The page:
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Skin Cancer Warning Signs

Medically reviewed by Seunggu Han, MD on November 6, 2017Written by Stephanie Watson on November 6, 2017
skin cancer warning signs

Like other forms of cancer, skin cancer is easiest to treat if it’s caught early. Getting a quick diagnosis requires being alert for symptoms, and reporting them to your dermatologist as soon as you spot them.

Here are some skin cancer warning signs. Some symptoms are fairly obvious. Others are subtler and harder to spot.

Skin changes

The main symptom of skin cancer is a mole or other growth on your skin. To find these growths, you need to look for them. Some doctors recommend that you do a full-body self-exam in front of a mirror about once a month.

Check sun-exposed areas like your face, scalp, chest, arms, and legs. Also, look at places that are rarely exposed, such as your palms, genitals, the skin underneath your fingernails and toenails, and the soles of your feet.

Watch for these types of growths, especially if they’re new or they’ve changed:

  • a flat sore that crusts over and doesn’t heal
  • a scaly patch
  • a red bump
  • a small shiny, pearly, or translucent bump
  • a pink growth with raised edges and a dip in the middle
  • a flat, flesh-colored or brown sore that looks like a scar
  • a large brown spot
  • a red, white, blue, or blue-black sore with irregular borders
  • an itchy or painful bump
  • a bleeding or oozing sore

Melanoma is the deadliest type of skin cancer. Experts recommend using the ABCDE rule to identify moles that could be melanoma:

  • Asymmetry: The two sides of the mole are uneven.
  • Border: The edges are ragged.
  • Color: The mole contains different colors, such as red, blue, black, pink, or white.
  • Diameter: The mole measures more than 1/4 inch across — about the size of a pencil eraser.
  • Evolving: The mole is changing in size, shape, or color.

Signs that your cancer has spread

Skin changes are the most obvious symptom of skin cancer. Other symptoms are subtler and easier to overlook.

Melanoma can spread to other parts of your body, including your bones, liver, and lungs. Your symptoms can give clues to where your cancer has spread.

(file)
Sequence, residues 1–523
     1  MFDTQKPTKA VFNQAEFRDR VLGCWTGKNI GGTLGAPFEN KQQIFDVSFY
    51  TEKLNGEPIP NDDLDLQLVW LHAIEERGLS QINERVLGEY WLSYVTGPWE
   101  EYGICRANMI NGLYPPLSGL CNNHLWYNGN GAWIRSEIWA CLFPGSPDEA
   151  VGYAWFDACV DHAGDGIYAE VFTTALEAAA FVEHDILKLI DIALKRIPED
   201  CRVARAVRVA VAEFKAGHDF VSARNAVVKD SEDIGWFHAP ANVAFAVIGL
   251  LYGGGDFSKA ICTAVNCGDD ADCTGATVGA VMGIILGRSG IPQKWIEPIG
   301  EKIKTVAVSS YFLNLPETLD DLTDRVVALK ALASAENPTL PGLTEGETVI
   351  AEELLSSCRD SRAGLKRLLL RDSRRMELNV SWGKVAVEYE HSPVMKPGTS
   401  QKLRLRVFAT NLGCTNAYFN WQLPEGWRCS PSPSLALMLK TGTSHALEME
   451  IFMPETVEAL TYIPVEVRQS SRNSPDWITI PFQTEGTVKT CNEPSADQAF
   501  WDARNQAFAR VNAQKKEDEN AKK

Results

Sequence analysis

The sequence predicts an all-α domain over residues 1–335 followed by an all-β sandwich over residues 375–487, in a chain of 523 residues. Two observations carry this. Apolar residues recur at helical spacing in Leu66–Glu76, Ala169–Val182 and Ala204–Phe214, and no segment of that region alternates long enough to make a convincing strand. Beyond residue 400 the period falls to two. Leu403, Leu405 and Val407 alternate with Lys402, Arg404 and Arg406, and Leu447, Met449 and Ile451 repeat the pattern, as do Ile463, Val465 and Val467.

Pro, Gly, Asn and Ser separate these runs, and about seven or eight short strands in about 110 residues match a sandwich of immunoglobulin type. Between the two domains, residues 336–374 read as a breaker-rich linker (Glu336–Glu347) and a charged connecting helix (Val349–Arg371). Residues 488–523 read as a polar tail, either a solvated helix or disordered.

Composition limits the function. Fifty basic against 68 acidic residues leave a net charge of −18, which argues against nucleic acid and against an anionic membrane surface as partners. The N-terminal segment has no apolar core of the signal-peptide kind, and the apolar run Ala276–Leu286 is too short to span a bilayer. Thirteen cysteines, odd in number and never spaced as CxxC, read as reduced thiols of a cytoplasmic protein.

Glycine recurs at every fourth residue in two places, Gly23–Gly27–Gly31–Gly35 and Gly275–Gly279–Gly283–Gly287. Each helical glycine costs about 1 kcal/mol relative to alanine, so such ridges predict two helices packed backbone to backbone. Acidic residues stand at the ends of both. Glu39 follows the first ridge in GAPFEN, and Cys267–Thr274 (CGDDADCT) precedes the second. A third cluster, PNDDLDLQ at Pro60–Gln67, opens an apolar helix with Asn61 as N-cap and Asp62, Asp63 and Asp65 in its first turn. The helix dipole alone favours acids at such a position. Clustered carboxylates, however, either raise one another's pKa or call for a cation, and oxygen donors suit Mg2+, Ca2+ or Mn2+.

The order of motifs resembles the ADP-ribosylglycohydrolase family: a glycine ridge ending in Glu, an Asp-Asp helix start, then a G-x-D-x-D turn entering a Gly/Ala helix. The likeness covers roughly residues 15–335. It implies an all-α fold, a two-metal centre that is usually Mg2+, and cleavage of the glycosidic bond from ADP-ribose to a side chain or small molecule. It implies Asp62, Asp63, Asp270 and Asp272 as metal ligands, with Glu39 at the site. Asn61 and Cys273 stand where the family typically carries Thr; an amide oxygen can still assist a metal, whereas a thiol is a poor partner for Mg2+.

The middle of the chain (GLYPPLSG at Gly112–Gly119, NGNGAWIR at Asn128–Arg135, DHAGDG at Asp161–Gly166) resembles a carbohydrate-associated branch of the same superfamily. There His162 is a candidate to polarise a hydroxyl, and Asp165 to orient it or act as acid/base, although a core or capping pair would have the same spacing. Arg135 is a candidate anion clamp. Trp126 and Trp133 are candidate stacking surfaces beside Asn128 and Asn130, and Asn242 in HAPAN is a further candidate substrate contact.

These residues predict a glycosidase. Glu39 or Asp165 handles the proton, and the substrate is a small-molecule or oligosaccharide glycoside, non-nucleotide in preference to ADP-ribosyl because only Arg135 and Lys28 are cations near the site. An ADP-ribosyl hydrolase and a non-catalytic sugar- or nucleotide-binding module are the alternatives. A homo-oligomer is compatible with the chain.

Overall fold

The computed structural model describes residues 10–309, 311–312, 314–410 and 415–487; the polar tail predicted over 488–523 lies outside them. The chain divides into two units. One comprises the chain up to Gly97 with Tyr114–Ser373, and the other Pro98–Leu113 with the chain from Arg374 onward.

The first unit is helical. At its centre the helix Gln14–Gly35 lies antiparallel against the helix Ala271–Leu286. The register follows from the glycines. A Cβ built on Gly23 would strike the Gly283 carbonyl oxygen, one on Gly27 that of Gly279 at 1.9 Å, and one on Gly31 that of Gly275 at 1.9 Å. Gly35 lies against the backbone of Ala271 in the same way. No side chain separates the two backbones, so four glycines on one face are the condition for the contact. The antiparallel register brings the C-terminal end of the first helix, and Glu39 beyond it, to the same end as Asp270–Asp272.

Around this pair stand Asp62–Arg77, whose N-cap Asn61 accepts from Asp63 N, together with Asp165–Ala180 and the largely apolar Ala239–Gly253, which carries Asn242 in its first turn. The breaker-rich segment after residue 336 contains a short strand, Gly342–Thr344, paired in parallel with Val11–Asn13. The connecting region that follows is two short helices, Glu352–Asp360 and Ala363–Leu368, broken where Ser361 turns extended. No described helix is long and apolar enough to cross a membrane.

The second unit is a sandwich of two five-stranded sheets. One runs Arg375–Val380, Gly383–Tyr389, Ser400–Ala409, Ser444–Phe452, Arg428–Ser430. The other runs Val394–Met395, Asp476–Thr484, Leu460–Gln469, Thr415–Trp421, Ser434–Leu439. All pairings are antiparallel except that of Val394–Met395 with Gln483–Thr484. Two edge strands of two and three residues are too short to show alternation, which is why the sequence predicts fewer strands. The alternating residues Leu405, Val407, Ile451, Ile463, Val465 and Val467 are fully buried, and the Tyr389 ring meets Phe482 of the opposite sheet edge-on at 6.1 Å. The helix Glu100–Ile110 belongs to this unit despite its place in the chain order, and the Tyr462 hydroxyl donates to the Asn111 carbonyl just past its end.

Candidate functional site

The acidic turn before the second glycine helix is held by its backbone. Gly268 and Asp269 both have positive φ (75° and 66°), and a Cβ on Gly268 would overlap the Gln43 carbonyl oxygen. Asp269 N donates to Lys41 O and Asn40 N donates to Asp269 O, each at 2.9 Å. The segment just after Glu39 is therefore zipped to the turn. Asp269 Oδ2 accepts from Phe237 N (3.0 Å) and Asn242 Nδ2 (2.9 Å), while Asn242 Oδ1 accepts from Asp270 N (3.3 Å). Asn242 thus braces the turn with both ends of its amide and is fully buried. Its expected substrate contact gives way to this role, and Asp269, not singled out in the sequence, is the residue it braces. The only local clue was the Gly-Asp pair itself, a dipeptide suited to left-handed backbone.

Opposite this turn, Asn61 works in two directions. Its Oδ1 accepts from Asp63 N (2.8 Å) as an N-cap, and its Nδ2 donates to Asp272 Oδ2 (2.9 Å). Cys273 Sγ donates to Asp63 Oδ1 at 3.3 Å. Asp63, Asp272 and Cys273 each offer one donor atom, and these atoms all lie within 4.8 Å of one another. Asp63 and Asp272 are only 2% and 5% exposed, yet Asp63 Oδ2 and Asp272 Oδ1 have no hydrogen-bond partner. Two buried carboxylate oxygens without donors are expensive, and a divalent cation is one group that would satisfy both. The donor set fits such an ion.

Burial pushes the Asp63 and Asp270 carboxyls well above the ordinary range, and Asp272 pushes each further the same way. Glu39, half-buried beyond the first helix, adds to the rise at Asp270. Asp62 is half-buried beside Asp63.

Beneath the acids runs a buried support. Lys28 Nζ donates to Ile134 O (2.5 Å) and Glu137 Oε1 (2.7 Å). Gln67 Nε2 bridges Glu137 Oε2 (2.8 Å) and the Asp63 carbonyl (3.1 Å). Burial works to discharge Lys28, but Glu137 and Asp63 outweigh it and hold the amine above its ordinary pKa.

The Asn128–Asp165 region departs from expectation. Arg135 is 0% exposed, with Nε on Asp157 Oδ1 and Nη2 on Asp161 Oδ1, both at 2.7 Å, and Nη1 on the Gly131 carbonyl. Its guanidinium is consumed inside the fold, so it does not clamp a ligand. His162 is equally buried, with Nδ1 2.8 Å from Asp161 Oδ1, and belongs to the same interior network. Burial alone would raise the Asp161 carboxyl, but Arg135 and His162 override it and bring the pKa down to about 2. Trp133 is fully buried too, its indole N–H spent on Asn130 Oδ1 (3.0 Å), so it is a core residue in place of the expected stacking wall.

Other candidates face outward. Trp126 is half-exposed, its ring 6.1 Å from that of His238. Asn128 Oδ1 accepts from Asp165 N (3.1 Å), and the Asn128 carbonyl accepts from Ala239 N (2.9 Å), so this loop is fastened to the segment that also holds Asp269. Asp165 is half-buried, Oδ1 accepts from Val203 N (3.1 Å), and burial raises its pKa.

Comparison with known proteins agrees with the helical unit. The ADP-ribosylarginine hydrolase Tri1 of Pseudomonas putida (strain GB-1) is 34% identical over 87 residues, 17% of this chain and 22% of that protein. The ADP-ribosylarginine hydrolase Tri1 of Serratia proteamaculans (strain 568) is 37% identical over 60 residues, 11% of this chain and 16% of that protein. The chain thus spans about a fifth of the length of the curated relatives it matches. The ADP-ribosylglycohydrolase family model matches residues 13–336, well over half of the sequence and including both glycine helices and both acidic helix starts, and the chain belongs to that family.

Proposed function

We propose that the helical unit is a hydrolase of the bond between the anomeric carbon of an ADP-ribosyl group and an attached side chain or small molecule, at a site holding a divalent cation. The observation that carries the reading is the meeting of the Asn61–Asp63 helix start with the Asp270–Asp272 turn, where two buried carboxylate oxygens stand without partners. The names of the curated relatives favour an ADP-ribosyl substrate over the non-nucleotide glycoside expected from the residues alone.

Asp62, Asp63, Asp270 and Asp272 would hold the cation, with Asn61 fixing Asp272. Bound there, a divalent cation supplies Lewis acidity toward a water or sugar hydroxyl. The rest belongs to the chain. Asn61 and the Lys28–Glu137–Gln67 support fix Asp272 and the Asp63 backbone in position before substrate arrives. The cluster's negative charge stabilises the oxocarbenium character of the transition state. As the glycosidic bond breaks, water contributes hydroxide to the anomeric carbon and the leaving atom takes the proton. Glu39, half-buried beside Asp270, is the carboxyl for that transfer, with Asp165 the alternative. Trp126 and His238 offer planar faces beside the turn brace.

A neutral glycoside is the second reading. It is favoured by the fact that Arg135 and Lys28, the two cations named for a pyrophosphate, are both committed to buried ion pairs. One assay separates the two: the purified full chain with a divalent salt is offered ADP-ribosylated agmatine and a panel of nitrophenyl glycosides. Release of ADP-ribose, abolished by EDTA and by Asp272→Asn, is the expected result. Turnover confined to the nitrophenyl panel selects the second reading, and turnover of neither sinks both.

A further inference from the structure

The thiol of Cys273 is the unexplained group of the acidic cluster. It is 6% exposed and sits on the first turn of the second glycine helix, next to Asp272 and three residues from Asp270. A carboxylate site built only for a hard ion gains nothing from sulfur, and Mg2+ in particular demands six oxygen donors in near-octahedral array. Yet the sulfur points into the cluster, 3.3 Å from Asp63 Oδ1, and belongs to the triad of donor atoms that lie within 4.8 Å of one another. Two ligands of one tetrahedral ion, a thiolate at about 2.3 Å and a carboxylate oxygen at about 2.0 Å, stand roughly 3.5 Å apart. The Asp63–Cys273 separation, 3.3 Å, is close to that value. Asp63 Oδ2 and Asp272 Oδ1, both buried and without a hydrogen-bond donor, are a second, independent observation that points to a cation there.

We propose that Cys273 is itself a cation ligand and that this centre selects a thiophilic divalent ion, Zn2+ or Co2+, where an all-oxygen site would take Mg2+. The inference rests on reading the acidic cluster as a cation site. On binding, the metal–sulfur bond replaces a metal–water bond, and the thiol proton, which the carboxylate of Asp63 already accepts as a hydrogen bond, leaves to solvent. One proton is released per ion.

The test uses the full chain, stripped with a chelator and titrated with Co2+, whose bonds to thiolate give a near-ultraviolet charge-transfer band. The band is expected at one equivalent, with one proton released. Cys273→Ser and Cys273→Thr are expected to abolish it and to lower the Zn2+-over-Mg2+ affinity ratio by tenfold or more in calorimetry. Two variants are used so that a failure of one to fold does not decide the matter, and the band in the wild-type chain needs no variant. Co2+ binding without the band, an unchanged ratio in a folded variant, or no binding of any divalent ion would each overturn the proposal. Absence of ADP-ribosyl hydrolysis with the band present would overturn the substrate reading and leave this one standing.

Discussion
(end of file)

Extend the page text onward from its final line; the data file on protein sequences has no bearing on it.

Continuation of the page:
Symptoms of skin cancer that has spread to the lymph nodes:

  • hard bumps under the skin in your neck, armpit, or groin
  • trouble swallowing
  • swelling of your neck or face

Symptoms of skin cancer that has spread to the lungs:

  • shortness of breath
  • cough, possibly with blood
  • repeated chest infections

Symptoms of skin cancer that has spread to the liver:

  • pain on the right side of your belly
  • yellowing of your eyes or skin (jaundice)
  • appetite loss
  • weight loss
  • swelling in your belly
  • itchy skin

Symptoms of skin cancer that has spread to the bones:

  • aching or pain in your bones
  • backache that gets worse, even when you rest
  • bone fractures
  • increased bruising and bleeding
  • weakness or numbness in your legs
  • loss of control over your bladder or bowels

Symptoms of skin cancer that has spread to the brain:

  • severe or constant headache
  • weakness in one part of your body
  • seizures
  • personality or mood changes
  • vision changes
  • speech changes
  • imbalance
  • confusion

Some people have more general, body-wide symptoms of cancer. These can include:

  • fatigue
  • malaise
  • weight loss

All of these symptoms can also be warning signs of other conditions. Just because you have one or more of these signs doesn’t mean you have cancer.

Still, if you have any symptoms that look like skin cancer, see a dermatologist right away. The doctor will probably do a skin biopsy of the mole or sore, and send out a sample of cells to a laboratory for testing. Depending on what your doctor finds, you might also need imaging scans or other tests.

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